How effective is UPLIZNA on treating attacks associated with neuromyelitis optica spectrum disorder (NMOSD)? According to a news release from biopharmaceutical company Horizon Therapeutics plc (“Horizon”), an analysis highlighted that UPLIZNA can actually reduce the severity of these attacks. Ultimately, this shows the therapy’s benefits for patients while also providing researchers and physicians with a better understanding of the drug’s underlying mechanisms.
What is UPLIZNA?
UPLIZNA is a biologic therapy which is approved to treat adults with NMOSD who are anti-aquaporin-4 (AQP4) antibody positive. As an estimated 80% of those with NMOSD have these antibodies, this treatment, when approved, fulfilled a huge unmet need.
The therapy works by depleting levels of CD19+ B cells. Through this, UPLIZNA may reduce inflammation and stop astrocyte damage. Astrocytes are star-shaped glial cells found throughout the central nervous system (CNS).
Within this particular study, researchers sought to determine how UPLIZNA could effectively reduce acute NMOSD attacks. Altogether, 213 patients enrolled. Of these, 161 received UPLIZNA and the remaining patients received placebos. Findings included:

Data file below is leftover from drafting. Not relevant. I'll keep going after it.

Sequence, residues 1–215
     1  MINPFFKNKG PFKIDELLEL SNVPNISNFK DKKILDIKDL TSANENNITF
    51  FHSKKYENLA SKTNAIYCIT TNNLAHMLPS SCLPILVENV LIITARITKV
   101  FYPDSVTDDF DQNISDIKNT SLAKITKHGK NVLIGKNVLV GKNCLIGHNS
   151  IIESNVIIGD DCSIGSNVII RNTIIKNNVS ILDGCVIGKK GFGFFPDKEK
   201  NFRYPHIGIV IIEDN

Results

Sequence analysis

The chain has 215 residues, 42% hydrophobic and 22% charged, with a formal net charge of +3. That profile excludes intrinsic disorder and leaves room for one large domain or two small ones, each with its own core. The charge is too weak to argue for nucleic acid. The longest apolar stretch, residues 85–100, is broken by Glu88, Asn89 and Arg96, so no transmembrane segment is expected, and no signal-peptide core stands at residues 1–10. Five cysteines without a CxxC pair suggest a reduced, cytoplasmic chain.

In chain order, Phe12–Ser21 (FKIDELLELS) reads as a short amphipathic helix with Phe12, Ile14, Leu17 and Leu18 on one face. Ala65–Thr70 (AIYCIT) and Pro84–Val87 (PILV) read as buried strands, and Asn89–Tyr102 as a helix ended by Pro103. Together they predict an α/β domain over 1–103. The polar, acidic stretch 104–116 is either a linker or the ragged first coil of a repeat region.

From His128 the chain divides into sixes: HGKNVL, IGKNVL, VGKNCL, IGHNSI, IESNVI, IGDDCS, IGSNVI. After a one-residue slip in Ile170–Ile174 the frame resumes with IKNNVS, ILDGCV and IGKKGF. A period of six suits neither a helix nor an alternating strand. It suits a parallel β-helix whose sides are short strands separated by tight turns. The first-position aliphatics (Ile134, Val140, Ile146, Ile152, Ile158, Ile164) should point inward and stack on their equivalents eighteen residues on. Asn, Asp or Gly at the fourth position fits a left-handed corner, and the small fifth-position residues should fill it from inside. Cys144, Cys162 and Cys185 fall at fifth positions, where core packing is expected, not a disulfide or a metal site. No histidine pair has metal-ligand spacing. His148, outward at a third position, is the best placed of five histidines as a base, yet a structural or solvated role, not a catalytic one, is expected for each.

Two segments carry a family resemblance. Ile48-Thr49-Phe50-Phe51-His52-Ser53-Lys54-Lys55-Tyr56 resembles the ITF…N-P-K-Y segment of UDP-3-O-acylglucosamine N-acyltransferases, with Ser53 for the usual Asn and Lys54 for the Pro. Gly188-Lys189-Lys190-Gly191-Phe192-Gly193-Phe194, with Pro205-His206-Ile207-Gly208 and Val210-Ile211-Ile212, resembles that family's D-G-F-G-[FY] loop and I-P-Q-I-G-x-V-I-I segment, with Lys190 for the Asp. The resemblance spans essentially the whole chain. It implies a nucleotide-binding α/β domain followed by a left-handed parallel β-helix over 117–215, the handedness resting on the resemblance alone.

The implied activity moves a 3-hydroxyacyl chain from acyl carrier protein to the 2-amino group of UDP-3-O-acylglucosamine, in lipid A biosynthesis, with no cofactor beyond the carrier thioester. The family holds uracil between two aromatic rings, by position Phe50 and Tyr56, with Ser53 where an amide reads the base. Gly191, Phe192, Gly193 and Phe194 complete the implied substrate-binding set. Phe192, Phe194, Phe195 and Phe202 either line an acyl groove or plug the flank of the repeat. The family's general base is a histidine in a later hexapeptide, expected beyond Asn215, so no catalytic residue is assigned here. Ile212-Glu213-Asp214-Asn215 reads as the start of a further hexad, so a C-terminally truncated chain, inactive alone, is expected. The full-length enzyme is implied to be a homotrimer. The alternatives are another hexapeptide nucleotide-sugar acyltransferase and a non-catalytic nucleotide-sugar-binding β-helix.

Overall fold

- Slightly over half of those who received the placebo had no attacks during the trial period. Alternately, 89% (143 patients) of those who received UPLIZNA had no attacks during the trial period.
- 2/3 of the attacks that did happen during the trial were considered to be minor, with the rest being major, when treated with UPLIZNA. In those who received the placebo, 55% of the attacks were minor and 45% were major.
- An analysis of biomarkers like sGFAP and SNfL showed that UPLINZA helped reduce attack severity.
- While UPLIZNA is relatively safe and well-tolerated, some adverse reactions did occur. These include urinary tract infections, joint pain and stiffness, hypogammaglobulinemia, rash, fever, headache, or nausea.
About Neuromyelitis Optica Spectrum Disorder (NMOSD)
Neuromyelitis optica spectrum disorder (NMOSD) is a rare inflammatory disorder which affects the spinal cord and optic nerves, and can also affect the brain. Overall, NMOSD is considered to be an autoimmune disorder. This means that the immune system mistakenly attacks the body – in this case, the central nervous system. Because of its presentation, NMOSD may be misdiagnosed as multiple sclerosis (MS). NMOSD is characterized by optic nerve and spinal cord inflammation and occurs in “attacks,” which are followed by periods of remission. While NMOSD affects people of all backgrounds, it is slightly more prevalent in those of African or Asian descent, and much more common in females than males. Symptoms associated with NMOSD include:
- Optic nerve and spinal cord inflammation
- Eye pain (in one or both eyes)
- Vision loss (in one or both eyes)
- Limb and spine pain
- Mild to severe lower limb paralysis
- Neck stiffness
- Loss of bowel and bladder control
- Nausea and vomiting